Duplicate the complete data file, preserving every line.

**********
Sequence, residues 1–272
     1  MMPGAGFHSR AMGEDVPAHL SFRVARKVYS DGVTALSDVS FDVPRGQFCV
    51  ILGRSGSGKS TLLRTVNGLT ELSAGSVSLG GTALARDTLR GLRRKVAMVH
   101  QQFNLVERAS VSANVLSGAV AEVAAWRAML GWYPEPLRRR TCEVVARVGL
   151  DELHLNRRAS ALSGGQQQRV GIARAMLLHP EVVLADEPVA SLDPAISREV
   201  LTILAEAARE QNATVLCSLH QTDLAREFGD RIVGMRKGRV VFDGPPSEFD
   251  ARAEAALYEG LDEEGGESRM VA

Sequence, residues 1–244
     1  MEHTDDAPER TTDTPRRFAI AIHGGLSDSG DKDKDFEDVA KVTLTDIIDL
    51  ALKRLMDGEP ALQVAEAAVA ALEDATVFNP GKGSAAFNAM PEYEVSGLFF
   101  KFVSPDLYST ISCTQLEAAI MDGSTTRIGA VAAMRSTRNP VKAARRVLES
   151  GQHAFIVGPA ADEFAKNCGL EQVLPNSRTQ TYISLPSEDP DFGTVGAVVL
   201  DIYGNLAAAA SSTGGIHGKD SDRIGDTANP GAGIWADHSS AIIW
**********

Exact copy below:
Sequence, residues 1–272
     1  MMPGAGFHSR AMGEDVPAHL SFRVARKVYS DGVTALSDVS FDVPRGQFCV
    51  ILGRSGSGKS TLLRTVNGLT ELSAGSVSLG GTALARDTLR GLRRKVAMVH
   101  QQFNLVERAS VSANVLSGAV AEVAAWRAML GWYPEPLRRR TCEVVARVGL
   151  DELHLNRRAS ALSGGQQQRV GIARAMLLHP EVVLADEPVA SLDPAISREV
   201  LTILAEAARE QNATVLCSLH QTDLAREFGD RIVGMRKGRV VFDGPPSEFD
   251  ARAEAALYEG LDEEGGESRM VA

Sequence, residues 1–244
     1  MEHTDDAPER TTDTPRRFAI AIHGGLSDSG DKDKDFEDVA KVTLTDIIDL
    51  ALKRLMDGEP ALQVAEAAVA ALEDATVFNP GKGSAAFNAM PEYEVSGLFF
   101  KFVSPDLYST ISCTQLEAAI MDGSTTRIGA VAAMRSTRNP VKAARRVLES
   151  GQHAFIVGPA ADEFAKNCGL EQVLPNSRTQ TYISLPSEDP DFGTVGAVVL
   201  DIYGNLAAAA SSTGGIHGKD SDRIGDTANP GAGIWADHSS AIIW